One of the interesting thing about Amstrad’s PCW offerings are that they were at the same time a workaday appliance for word processing, an 8 bit CP/M machine, and a credible bottom-end alternative to the PC. They were home computers in the sense of computers for the home, and indeed computers that you could program, but not in the sense of having a large offering of games and being popular with teenagers.

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It is very subjective, but it is interesting to think about the different aspects of this discussion. The original article talked about “personal computers” and didn’t mention anything about 8 bits, so we have gone in a different direction.

A good example of different perspectives is the reason why these charts tend to be shocking. They show units shipped while nearly all histories and the articles from that time tended to focus on revenues instead. Since the Apple was so much more expensive than the others, it is remembered (and was perceived back then in business magazines) as being by far the number one. But as these charts show, if you focus instead on how many people had the machines it is a very different story.

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I think I agree with this, but probably because the PC and its architecture continued to live on, while none of these other machines did. You won’t find a TMS9900 family PC on anyone’s desk today, nor a 6502 or even 65816, but the computer I’m typing this on right now boots up as essentially a 3 GHz IBM PC. :wink: It may not be a fair rejection, but it seems like an appropriate rejection.

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But does it have the 640KB that Mr. Gates claimed all you will ever need? OS/9 I or OS/9 II for the 6809 was a great system but mass marketing by apple and windows pushing GUI on to the public requred more memory than a 8 bit cpu could handle, forcing one to buy your Favorite evil empire brand 16 bit cpu. The PDP/11 was over priced, so that CPU was lost in history a personal computer. I have nice 18/9 bit TTL(FPGA) design but that is 45 years too late.

That may well be it, @elb. Another factor in my own journey is that the PC didn’t appear, or didn’t appear attractive, until very much later, specifically when I got a tip-off that there was something called Linux, which was free and unix-like. There are, of course, people whose journey started with the PC, and they see more differences between the early models and the later ones, and might well have bonded with the first one they got to know.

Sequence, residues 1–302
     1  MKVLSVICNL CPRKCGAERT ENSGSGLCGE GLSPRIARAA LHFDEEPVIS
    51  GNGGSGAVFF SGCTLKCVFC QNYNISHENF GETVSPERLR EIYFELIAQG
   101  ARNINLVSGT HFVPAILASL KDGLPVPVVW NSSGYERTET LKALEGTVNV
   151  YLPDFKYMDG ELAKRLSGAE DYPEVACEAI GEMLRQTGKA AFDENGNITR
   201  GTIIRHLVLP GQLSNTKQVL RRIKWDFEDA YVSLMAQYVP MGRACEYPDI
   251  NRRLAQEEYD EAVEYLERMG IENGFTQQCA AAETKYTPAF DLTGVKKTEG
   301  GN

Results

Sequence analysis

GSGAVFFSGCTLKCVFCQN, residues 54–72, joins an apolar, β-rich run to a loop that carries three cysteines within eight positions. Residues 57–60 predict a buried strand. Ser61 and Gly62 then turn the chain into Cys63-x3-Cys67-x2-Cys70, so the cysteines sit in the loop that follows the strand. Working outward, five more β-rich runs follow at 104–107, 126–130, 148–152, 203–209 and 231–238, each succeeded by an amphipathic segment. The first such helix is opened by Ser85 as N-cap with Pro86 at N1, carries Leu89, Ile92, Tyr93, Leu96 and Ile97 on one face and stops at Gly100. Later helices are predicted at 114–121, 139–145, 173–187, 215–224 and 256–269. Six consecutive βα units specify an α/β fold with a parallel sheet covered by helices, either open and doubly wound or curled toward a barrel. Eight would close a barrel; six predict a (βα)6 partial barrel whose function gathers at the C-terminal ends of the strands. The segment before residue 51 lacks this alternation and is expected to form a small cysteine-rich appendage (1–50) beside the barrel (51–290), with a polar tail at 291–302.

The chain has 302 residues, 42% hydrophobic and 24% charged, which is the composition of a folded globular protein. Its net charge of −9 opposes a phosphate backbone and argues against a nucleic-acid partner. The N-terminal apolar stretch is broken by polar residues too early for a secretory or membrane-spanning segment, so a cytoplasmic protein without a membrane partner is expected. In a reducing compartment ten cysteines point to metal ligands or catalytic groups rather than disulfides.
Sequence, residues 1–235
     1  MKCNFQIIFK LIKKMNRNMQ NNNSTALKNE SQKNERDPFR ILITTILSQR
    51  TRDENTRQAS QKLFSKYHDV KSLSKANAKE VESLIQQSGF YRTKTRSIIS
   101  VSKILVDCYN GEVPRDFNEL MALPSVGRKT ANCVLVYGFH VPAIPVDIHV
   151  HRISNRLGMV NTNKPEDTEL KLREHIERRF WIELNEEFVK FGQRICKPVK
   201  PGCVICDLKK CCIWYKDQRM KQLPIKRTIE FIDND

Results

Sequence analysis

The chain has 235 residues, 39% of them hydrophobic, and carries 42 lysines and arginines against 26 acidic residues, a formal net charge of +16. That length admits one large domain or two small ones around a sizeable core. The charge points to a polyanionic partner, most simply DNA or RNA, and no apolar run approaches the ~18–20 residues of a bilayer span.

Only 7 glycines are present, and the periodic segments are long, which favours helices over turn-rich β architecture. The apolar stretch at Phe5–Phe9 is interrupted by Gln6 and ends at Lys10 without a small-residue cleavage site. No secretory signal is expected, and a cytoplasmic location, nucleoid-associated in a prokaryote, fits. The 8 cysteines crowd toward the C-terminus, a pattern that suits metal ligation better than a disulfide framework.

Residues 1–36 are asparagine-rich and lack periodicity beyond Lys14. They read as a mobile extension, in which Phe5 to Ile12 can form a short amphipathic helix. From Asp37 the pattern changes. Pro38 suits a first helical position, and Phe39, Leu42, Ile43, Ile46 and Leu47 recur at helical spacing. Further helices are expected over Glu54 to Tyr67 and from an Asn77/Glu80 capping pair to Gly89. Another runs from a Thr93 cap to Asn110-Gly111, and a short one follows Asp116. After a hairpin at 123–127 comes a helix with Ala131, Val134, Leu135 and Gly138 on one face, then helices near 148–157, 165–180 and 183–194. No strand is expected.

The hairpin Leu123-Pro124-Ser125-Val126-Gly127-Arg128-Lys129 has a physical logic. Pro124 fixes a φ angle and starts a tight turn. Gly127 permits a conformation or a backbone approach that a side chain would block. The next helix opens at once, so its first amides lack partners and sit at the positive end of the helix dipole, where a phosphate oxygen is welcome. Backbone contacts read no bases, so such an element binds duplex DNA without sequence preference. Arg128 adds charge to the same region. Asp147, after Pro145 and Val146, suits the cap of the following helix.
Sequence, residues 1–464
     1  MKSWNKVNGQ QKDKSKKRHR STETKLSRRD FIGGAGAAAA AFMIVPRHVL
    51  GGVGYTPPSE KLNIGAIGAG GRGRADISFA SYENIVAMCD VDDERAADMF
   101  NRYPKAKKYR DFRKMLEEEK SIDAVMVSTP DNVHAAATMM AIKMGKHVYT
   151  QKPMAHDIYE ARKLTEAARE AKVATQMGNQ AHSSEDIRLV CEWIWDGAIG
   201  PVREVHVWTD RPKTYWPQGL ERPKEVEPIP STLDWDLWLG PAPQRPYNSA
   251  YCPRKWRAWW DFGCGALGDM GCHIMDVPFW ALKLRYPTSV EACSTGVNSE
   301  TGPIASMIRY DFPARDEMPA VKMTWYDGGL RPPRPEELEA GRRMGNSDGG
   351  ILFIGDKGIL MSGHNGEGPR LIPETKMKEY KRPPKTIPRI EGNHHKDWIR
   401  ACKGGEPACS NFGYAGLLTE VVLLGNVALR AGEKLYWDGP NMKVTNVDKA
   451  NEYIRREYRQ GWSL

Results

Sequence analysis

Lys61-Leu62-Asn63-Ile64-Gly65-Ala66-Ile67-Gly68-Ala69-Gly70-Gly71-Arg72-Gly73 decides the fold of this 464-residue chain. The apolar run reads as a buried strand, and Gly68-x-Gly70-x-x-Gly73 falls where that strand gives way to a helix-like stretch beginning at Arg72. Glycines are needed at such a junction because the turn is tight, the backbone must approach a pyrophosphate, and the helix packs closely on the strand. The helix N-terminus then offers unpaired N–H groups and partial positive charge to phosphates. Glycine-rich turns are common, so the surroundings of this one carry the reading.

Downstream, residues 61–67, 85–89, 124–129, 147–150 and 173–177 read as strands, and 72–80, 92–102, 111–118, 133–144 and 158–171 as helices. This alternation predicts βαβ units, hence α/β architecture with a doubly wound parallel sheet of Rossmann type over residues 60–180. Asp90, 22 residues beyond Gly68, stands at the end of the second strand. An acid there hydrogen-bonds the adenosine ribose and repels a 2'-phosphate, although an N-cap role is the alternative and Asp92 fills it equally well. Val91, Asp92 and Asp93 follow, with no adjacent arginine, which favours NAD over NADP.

Good point about revenue, @jecel, and there’s also the measure of market share: the TRS-80 could dominate the early market, which was relatively small compared to the later market, without selling such large numbers of units.

And as ever, there’s the question of where you live and therefore which machines are popular and available. I admit to being a bit UK-centric, but I hope I take into account a more global picture. Any given article might be written for a specific audience.

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Mind, my tongue was pretty firmly in cheek when I mentioned the TI. The TI should be on the list simply because it is from the era of home computer diversity that the PC destroyed. Today, we have PCs. (Oh, and a few Macintoshes, and a dozen or so Chromebooks. Oh, and your bicameral phone.)

The TI was part and parcel to the “we have no idea what we’re doing, let’s sell a home computer” era of computing.

Oh, and don’t forget RISC OS - it’s still going strong! Well, it’s still going, anyway, on Acorn’s historic machines and also on Pi-based machines. I’ll admit, it’s a bit of a niche. As is BeOS, as resurrected in Haiku. And it looks like you can run AmigaDOS if you wish, in the form of AROS.

This made me giggle. Thanks!